Sunday, July 28, 2019


“Abba, Father...” Luke 11:2

This is what was written in pencil on my Bible. I don't know from where I copied it, except for the last part:

The “Our Father” was a secret prayer. The first Christians were taught this only after years of learning and baptism.

“OUR Father in heaven…” shows necessity for us to be missionaries, with the goal that God would be known to all. By saying “ABBA Father” Jesus shows that prayer is a disposition of the heart, not just a matter of the right time words. Thus the Lord’s prayer is based upon an intimate relationship with God. Similar to the 18 benedictions and the Kaddish of synagogue liturgy, to which He added addressing God as Father. This suggested a childlike trust, intimacy and readiness of access. (The Eighteen Benedictions are praises and petitions directed to God that ask for wisdom, forgiveness of sins, help in times of trouble and so on. The Kaddish asks that God’s name be hallowed and glorified throughout the world, and that God may soon establish his Kingdom in its fullness.)

“Hallowed be thy Name..” May Your Name be known on this earth. Reveal the holiness of Your Name so it may be respected and revered by all. Make known Your greatness, that all praise Your majesty!

“May Your Kingdom come…” Let it come now Father! Let Your will be done in our lives. Show us Your will. Give us the zeal to accomplish it here on earth. ,as it is in Heaven. Father, free us from selfishness, fear, worry, and sorrow, and let the joy of Your Kingdom come into our hearts.

“Give us this day our daily bread…” Father, the storehouses of heaven are Yours. Open them to us, and pour out to us the treasures of Your wisdom, knowledge, courage, and patience, self-control and love. We hunger and thirst for you- feed us with the Bread of Life, Your Son, Jesus. Fill us with His presence and power, His healing and compassion. Nourish and sustain Your life in us today.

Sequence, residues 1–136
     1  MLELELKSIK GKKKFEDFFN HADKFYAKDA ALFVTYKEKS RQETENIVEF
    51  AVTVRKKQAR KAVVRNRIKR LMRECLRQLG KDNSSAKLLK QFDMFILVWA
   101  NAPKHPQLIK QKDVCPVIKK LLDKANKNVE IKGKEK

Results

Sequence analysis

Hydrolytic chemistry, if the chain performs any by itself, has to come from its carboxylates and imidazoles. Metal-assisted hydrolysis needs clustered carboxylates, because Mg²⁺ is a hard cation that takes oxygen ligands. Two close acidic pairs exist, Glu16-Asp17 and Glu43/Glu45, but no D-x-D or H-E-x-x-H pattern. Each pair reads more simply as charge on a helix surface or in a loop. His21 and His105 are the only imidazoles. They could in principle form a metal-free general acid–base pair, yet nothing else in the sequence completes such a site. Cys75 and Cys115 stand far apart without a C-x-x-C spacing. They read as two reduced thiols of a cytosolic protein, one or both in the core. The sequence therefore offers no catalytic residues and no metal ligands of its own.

“Forgive us our trespasses…” Forgive us our unbelief, our grumbling, and our fear. Cancel the debt we’ve amassed through our lack of discipline and restraint, and through our bitterness, resentment and disregard for others. Father, You make all things new: Make our hearts and minds new! Not just ours, but all on the face of the earth! Help us to forgive those who have hurt us as completely as we want You to forgive us.

‘Jesus gave us a prayer which in its simplicity contrasts sharply with many of the very fulsome formulations used in Jewish and Greco-Roman prayers of His day. Despite its brevity, Tertullan called the Lord’s Prayer “truly a summary of the whole Gospel”- the expression of our chief beliefs, as the first disciples had wanted. In it we ask, not only for all the things we can rightly desire, but also in the sequence that they should be desired.’ (Cathechism of the Catholic Church, n 2763, citing Thomas Aquinas)

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:^) Patsy